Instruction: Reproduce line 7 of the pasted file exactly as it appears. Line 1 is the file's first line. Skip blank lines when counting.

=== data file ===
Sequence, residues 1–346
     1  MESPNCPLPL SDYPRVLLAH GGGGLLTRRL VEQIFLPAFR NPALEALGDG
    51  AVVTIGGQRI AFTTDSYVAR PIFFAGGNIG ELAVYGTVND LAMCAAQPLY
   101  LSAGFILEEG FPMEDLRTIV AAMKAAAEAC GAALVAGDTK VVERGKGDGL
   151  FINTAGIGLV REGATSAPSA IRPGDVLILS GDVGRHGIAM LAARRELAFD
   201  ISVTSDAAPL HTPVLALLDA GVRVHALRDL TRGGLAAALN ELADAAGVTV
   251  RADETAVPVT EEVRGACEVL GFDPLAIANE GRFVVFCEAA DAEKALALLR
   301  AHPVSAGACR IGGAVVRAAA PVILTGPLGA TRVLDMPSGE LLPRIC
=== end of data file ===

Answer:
   251  RADETAVPVT EEVRGACEVL GFDPLAIANE GRFVVFCEAA DAEKALALLR